• Does your story focus on the IMPACT of our work on the ground (and not on HOW USAID works, our internal processes or other “inside baseball” topics)?
  • Does your story include contextual information on the country and topic you are writing about? (Assume your audience is not familiar with the local history, geography, political or socio-economic situation.)
  • Does your story include at least one of those real people, and contain all necessary information about them (full names, ages, town names, etc.)?
  • Does your story use real quotes from these beneficiaries?
  • Do your quotes sound like people REALLY said them? (People don’t speak like robots!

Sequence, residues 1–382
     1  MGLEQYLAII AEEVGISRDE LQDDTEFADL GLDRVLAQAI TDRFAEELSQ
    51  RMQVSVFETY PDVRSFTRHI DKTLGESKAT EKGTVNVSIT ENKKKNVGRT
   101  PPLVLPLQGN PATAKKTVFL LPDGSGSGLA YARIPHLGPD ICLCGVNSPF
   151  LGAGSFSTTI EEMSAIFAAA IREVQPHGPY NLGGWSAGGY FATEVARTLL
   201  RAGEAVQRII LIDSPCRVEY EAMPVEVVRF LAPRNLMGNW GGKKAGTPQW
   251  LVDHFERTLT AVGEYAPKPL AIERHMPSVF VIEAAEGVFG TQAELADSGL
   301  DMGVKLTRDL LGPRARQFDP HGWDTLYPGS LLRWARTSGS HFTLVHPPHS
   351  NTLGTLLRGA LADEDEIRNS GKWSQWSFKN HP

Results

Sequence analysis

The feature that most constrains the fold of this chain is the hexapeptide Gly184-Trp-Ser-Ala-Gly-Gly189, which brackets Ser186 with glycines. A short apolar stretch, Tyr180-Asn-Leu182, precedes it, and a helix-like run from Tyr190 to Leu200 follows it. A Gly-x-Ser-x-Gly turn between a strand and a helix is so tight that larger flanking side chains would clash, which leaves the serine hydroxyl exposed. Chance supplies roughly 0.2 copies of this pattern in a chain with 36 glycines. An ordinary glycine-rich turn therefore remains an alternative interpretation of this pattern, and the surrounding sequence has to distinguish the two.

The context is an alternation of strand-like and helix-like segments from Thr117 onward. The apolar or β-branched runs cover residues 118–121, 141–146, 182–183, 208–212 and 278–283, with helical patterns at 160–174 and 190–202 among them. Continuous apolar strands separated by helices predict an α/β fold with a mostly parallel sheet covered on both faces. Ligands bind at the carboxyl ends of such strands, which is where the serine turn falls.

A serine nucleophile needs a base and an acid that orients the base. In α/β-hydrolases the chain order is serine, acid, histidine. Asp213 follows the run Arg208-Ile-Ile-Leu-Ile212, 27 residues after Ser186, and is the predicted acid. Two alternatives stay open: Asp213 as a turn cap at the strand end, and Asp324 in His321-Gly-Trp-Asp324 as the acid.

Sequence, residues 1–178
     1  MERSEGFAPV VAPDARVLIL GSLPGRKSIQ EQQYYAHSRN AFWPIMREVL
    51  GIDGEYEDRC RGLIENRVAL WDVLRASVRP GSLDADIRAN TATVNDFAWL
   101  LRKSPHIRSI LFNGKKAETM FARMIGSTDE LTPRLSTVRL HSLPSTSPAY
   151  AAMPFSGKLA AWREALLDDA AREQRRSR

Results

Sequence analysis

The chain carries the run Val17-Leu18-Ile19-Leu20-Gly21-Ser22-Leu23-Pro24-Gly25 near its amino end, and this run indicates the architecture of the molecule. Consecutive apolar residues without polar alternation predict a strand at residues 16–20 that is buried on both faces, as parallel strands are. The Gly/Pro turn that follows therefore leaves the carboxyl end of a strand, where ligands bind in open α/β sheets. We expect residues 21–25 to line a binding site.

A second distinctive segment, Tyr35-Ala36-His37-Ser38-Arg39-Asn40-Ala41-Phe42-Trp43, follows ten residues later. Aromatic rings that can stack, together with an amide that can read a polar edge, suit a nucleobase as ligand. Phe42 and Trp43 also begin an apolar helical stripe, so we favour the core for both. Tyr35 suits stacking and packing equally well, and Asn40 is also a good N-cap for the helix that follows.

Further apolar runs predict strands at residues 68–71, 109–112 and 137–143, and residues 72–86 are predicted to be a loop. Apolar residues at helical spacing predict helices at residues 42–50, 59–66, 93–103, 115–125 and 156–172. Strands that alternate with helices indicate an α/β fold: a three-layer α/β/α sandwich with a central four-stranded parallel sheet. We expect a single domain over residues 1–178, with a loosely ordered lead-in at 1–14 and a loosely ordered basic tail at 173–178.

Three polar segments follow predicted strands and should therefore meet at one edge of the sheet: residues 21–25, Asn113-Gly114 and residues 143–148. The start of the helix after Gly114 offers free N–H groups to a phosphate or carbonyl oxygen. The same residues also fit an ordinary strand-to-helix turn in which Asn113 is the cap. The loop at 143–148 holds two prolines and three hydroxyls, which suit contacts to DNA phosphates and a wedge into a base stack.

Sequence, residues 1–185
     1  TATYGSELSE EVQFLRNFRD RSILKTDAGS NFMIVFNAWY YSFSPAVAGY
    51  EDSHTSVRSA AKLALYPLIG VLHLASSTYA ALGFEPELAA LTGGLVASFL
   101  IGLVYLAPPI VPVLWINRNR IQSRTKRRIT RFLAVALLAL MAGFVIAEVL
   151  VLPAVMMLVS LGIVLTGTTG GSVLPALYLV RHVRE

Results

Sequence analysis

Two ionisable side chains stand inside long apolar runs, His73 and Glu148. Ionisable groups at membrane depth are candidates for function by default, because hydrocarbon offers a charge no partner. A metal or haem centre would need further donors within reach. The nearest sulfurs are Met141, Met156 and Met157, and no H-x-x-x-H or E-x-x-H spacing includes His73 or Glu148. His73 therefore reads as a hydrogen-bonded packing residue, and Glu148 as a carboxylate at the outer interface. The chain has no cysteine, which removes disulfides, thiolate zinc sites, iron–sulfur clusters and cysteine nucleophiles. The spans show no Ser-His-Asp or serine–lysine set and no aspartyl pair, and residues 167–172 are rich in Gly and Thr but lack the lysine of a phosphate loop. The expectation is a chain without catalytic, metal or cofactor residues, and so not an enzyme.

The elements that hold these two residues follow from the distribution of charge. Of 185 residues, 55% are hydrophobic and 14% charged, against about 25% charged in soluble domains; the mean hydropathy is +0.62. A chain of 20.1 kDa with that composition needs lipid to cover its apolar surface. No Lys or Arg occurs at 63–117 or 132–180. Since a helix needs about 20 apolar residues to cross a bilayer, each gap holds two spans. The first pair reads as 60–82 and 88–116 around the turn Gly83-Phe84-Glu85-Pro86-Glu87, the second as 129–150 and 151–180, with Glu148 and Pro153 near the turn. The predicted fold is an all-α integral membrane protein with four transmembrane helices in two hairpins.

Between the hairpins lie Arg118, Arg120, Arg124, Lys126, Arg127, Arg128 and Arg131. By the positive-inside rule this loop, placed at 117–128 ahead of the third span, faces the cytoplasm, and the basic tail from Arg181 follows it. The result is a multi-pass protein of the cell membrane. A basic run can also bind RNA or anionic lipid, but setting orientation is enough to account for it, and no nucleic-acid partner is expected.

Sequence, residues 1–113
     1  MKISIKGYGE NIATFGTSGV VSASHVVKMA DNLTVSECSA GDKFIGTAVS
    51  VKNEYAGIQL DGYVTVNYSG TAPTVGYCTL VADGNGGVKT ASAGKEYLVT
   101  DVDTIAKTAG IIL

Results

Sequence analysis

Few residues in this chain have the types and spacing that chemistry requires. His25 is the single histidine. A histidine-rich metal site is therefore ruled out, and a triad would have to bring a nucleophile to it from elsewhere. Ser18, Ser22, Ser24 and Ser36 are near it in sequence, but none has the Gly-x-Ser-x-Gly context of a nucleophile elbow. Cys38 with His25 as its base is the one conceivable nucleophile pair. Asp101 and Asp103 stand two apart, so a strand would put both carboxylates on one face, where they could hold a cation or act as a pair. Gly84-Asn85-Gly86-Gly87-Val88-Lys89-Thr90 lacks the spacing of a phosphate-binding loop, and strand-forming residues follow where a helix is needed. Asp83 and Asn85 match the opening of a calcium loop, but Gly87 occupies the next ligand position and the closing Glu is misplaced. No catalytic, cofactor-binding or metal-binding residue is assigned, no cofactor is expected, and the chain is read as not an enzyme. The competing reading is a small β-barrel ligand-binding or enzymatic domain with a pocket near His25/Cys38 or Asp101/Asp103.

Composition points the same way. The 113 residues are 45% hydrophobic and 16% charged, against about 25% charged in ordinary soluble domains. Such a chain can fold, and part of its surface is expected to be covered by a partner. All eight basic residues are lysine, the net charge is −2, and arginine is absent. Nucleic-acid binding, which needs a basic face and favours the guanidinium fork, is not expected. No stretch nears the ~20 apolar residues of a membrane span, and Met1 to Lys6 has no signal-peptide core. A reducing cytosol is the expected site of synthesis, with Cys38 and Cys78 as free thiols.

• Does your story note the real, measurable results of the project you are featuring?
  • Do you zoom out to the “big picture?” In other words, do you situate the project you are writing about within the context of USAID’s overall mission and goals in that sector and in that country?
  • Does your story include all other basic details of the action as it unfolds (town/city names, distances traveled, dollar amounts, timelines)?
  • Is your story between 300 and 500 words?
  • Have you included a high-resolution photo with caption and credit with your story?
  • Does your story include a “grabbing” title, subhead and pull-quote?


Issuing Country 
Monday, May 8, 2017 - 11:15am

Last updated: May 08, 2017